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23 11, 2018

Does contract law require us to be good?

By | November 23rd, 2018|Blog Posts|0 Comments

by Renata Grossi, University of Technology Sydney The interim report of the Royal Commission into Misconduct in the Banking, Superannuation and Financial Services Industry in Australia tabled in parliament in September 2018 found that the financial services sector was motivated by ‘the pursuit of short term profit at the expense of basic standards of honesty’, and [...]

25 10, 2018

What do Intersex People Want from the Law?

By | October 25th, 2018|Blog Posts|0 Comments

Dr Fae Garland and Dr Mitchell Travis* Intersex is a term that is increasingly recognised in legal jurisdictions throughout the world. Despite the growth in recognition, the ways in which states have recognised intersex people have been diverse. Some, such as Germany, have made intersex a mandatory third gender. Australia, in contrast, allows opt-in ‘X’ [...]

20 07, 2018

Closing gaps – the problem with common parts

By | July 20th, 2018|Blog Posts|0 Comments

by Helen Carr and Ed Kirton-Darling (Kent Law School). Re-posted from the Housing After Grenfell blog. As the Homes (Fitness for Human Habitation) Bill makes its way through Parliament – in the metaphorical shadow of Grenfell Tower – there is a critical gap in the legislation as it is currently drafted, amounting to a loophole that could allow [...]

12 07, 2018

Brexit, Gender Equality and Scotland: Opportunity or Threat?

By | July 12th, 2018|Blog Posts|0 Comments

By Nicole Busby, Strathclyde Law School This short blog post is based on my presentation to the Socio-legal Perspectives on Brexit stream at the SLSA’s 2018 conference in Bristol. The question of whether Brexit provides an opportunity or a threat to gender equality in Scotland is complex and my presentation did not seek to answer [...]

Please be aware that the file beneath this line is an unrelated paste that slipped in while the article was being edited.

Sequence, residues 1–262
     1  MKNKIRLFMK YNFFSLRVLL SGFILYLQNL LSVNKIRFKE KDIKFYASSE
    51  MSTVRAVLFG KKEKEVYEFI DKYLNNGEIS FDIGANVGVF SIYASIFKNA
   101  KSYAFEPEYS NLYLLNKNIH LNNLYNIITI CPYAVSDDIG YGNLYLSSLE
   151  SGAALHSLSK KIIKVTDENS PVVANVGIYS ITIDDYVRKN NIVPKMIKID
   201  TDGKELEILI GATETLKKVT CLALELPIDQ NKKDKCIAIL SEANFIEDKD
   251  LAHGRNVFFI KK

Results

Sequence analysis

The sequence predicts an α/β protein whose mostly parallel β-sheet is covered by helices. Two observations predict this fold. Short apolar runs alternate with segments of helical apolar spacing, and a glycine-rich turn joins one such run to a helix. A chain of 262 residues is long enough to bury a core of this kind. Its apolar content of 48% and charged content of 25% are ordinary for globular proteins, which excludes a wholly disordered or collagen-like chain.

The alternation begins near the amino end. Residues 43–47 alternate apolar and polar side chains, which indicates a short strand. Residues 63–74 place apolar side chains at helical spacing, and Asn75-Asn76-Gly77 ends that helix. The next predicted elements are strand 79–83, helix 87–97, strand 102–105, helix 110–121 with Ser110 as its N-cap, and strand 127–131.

22 06, 2018

Socio-Legal Journals Writing Workshops

By | June 22nd, 2018|Blog Posts|0 Comments

by John Harrington and Ambreena Manji, Cardiff University Post re-blogged from the Social & Legal Studies Blog In autumn 2018, Cardiff Law and Global Justice is organizing a series of writing workshops for socio-legal scholars in the global south. Run in partnership with Socio-Legal Studies: An International Journal (S&LS)and the Journal of Law and Society, this initiative is funded [...]

14 06, 2018

Observations on Observation – The Asylum Appeal

By | June 14th, 2018|Blog Posts|0 Comments

by Lauren Cooper, School of Law and Politics, Cardiff University. Headlines such as ‘Britain swamped by asylum-seekers’ are an almost daily occurrence within the UK press. However, data actually shows a consistent decrease in success of asylum claims.  According to the Refugee Council, the UK received 26,350 asylum applications in 2017, a 14% decrease on the previous [...]

7 06, 2018

Rape Myths and Medusa’s Gaze: a story of windows and mirrors

By | June 7th, 2018|Blog Posts|0 Comments

by Professor David Gurnham, Southampton Law School, University of Southampton It is a little while now since the media storm surrounding the Ched Evans rape case died down following the footballer’s acquittal at retrial. Since that time, attention has moved on to a much larger story about alleged sexual wrongdoing in Hollywood, and the prosecution of [...]

1 06, 2018

The failure of custody visiting

By | June 1st, 2018|Blog Posts|0 Comments

by John Kendall, PhD Visiting Scholar, Birmingham Law School,  author of  Regulating police detention: Voices from behind closed doors (Policy Press: 2018: https://policypress.co.uk/regulating-police-detention) What is custody visiting? The little-known Independent Custody Visiting Scheme facilitates volunteers to make random and unannounced visits to custody blocks in police stations. The volunteer visitors check on the welfare of detainees [...]

25 05, 2018

Deconstructing the meaning of Art: a thing or a right?

By | May 25th, 2018|Blog Posts|0 Comments

By Luis F. Yanes, University of Essex When you are surrounded by legal experts that work and research in the field of art and cultural heritage, there is a common understanding of what art is, but not a clear idea of how to define it. They all talk of ways of protecting it, tax it, [...]

18 05, 2018

Speaking of Decolonization, Law, Race and the Legal Curriculum at SLSA 2018

By | May 18th, 2018|Blog Posts|0 Comments

Foluke Adebisi (The Law School, University of Bristol) I was delighted to be able to present different aspects of my research on legal education at the SLSA Conference. My research is pedagogical as well as jurisprudential and examines what happens at the intersection of legal education, race and a history of changing ideas of what [...]